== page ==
“Has anyone ever killed one of them?” Kain asked. Redcloak didn't answer for a long time. The dark of the tunnel seemed to grow more oppressive. Everything quieting except for the constant muffled digging noises.
“There are legends,” Readcloak said at length, “but nothing verifiable.”
“Need to solve a puzzle just to kill the thing,” Kain muttered. “Won't stop. Won't rest.”
“Well depends on the Kin. It may need rest as part of its strength-weakness rune magic. The ones with less pronounced strengths have less pronounced weakness. Depending on how you look at it the less powerful ones are more dangerous. The relation is intricate and linked,”
“So what is its weakness, Inkeep?” Sir Callahan asked Harlan
“How should I know,” he answered looking back surprised
“That pouch you threw at it... what was that by the way?”
“Alchemists call it, dragon's grain. Pull the neutralizing cord and it burns like a dwarven smelting core.”
“Not something you'd expect to see in the hands of an innkeeper,” said Redcloak. “Not just because of the price either. No simple business man needs the destructive power of something so dangerous, yet so short lived,”
“Not unless one was running from a Run Kin,” said Harlan.
“Glad you had it too,” said Kain. “Although it does make one wonder why a Rune Kin would be chasing you.”
It kept coming back to that. No matter how Harlan tried to avoid it. The day he had feared had come. Even so it was not quite what he had expected. He was alive for one thing, and he gotten tangled up with a bunch the likes of Callahan, Kain, and Redcloak. He wouldn't tell them the truth, he couldn't. Not after everything he'd sacrificed. Not with someone like Sir Callahan waiting to pass judgment. Harlan could see the scales in the man's eyes ready to weigh in. He wouldn't tell them the truth but they wouldn't accept silence either. Redcloak knew about the Kin so no simple lie would suffice. He'd never believe a mundane reason for them to be pursuing Sally. So he latched onto an idea. It was straight out of a bard's song but it was grandiose enough to merit a Kin. Even if they suspected the falsehood the Kin was real and that might be enough to give credence to the untruth.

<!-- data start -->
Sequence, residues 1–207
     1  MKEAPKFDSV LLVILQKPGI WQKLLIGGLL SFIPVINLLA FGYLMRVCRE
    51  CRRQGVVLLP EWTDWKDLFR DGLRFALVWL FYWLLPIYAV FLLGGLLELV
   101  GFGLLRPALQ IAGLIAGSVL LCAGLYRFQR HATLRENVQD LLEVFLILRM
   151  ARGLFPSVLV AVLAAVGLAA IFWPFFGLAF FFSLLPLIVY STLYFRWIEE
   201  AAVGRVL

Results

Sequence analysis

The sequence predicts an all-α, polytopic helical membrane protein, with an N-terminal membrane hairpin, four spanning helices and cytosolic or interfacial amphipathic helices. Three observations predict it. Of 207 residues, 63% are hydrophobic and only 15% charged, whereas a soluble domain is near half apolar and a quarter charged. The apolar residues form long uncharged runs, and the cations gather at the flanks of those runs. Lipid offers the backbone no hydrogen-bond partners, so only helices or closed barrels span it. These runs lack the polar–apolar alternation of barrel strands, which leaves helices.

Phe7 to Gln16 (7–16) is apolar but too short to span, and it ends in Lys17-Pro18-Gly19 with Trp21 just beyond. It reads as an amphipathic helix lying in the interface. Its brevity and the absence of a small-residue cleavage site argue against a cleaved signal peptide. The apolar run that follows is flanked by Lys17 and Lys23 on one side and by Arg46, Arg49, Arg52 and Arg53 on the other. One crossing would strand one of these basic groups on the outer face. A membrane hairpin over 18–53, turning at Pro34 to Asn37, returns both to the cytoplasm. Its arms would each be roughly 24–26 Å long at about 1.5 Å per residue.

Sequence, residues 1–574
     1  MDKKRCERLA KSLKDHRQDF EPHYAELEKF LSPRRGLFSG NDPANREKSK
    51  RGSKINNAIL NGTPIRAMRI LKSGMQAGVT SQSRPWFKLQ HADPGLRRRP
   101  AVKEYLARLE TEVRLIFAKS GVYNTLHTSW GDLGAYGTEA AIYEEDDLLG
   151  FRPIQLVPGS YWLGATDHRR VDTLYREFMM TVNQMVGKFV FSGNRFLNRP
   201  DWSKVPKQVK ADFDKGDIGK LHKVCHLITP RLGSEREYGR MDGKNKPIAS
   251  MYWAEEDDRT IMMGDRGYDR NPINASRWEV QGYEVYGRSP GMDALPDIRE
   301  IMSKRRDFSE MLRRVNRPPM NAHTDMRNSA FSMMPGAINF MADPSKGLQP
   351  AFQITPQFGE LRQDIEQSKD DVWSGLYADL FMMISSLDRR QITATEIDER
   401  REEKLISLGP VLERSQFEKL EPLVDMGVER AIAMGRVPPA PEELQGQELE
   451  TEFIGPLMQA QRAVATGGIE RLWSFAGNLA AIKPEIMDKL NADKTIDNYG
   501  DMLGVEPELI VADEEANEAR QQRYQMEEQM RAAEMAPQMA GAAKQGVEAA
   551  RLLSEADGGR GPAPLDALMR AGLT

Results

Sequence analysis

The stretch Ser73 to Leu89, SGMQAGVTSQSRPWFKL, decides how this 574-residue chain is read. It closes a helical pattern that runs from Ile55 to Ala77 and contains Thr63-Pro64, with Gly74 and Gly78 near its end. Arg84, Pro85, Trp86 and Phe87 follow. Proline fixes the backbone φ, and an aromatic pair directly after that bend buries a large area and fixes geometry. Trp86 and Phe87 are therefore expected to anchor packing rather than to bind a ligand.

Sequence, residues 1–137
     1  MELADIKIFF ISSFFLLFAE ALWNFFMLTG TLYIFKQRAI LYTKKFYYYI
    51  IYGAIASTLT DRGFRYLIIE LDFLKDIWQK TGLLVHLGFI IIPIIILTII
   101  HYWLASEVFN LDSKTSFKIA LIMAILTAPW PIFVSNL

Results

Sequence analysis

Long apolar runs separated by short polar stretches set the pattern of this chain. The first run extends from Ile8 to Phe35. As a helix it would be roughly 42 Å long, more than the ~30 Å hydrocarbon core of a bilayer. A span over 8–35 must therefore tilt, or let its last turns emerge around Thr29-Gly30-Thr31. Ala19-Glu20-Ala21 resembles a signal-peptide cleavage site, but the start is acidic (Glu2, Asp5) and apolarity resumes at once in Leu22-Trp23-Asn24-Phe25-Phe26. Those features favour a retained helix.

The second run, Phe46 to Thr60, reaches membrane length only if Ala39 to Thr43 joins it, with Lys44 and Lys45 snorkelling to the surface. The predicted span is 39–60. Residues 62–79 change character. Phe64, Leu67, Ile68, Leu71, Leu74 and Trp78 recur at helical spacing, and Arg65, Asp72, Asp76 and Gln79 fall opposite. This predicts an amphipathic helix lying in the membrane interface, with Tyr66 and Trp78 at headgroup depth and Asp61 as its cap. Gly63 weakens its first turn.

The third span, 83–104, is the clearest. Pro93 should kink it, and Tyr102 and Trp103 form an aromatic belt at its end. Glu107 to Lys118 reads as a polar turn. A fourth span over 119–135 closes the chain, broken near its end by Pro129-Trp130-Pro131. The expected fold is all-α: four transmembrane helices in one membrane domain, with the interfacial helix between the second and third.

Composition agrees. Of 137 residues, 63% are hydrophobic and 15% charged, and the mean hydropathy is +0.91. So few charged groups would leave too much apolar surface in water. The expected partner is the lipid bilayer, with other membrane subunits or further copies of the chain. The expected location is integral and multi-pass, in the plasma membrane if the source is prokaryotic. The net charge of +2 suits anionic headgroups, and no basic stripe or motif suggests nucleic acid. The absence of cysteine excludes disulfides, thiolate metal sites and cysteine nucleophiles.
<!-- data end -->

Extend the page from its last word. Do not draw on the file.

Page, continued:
“Sally is the heir of Ielliane,” Harlan said.
“Ielliane?” Kain said, he sounded incredulous. “As in the mythic city of the mages?”
“The tales are true,” Harlan said. “Sally is the last mage of the air bound city. She is destined to unseal its people from their sleep and allow them to rain down wonders on the land.” Harlan tried not to overdo it, but the tale he had chosen was a particularly lavish one. “But only if she makes it to her twenty birthday. We just need another year and half.” The very last part was true at least. Eighteen more months. If he could just stay out of the Rune Kin's grasp for that long...